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Non-Response Rates

Nonresponse is less of a problem in CPS than in many other surveys. Nevertheless, even small levels of nonresponse could have an effect on estimates, such as the unemployment rate, which is measured in tenths of a percentage point. Nonresponse is constantly monitored, both for basic CPS and the monthly supplements. Methods for reducing nonresponse are investigated and implemented on an ongoing basis. This graph provides the nonresponse rates for basic CPS over the last twelve months.

Total nonresponse is defined as the number of noninterviews among all eligible households. Nonresponse historically has been highest in March, coinciding with the administration of the Annual Social and Economic Supplement (ASEC). The rates for the two largest categories of nonresponse, refusals and noncontacts ("temporarily absent" and "no one home"), also are given. Recent research has shown that the characteristics of refusals and noncontacts may be quite different, with noncontacts more likely to be employed than refusals. The difference between total nonresponse and the sum of refusals and noncontacts gives an estimate of nonresponse for other reasons, including illness and language problems. Prior to publication, a geographic adjustment for nonresponse is made at the household level.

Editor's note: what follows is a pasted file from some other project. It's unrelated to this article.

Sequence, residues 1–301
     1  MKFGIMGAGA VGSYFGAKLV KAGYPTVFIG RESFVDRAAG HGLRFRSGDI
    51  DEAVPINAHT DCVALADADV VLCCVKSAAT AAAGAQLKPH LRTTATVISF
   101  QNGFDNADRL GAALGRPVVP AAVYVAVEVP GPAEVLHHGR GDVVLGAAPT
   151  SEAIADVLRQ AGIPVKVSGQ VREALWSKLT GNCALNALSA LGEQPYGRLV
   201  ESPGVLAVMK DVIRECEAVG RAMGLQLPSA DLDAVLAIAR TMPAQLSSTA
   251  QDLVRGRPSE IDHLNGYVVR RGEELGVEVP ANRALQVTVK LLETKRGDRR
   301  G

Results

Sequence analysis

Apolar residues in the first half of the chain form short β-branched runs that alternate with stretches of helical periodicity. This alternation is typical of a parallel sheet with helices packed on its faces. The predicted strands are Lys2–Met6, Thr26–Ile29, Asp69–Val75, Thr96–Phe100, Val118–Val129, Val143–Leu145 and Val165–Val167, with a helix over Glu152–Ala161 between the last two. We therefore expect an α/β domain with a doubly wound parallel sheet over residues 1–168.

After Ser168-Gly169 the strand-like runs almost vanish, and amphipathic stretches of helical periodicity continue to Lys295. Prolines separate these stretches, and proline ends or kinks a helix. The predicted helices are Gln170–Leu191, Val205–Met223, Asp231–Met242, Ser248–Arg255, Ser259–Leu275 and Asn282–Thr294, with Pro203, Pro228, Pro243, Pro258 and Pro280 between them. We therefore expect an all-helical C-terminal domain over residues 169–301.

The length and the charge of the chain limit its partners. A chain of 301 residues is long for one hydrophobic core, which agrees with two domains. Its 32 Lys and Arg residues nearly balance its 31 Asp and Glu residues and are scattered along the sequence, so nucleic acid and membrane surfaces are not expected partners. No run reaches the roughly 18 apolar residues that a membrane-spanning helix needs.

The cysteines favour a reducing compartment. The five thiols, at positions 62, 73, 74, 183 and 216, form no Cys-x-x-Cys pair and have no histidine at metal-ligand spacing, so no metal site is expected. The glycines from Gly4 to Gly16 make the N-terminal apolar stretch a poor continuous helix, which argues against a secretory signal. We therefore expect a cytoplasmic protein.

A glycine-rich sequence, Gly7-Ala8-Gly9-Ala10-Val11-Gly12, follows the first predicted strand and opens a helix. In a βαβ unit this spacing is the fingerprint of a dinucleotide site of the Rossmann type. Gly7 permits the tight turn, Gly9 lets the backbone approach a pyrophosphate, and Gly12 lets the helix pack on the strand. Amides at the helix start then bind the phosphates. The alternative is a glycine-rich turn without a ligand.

CPS Nonresponse Rates: March 2014 - March 2015

Source: U.S. Census Bureau | Current Population Survey (CPS) |  Last Revised: 2015-08-25T06:58:39-04:00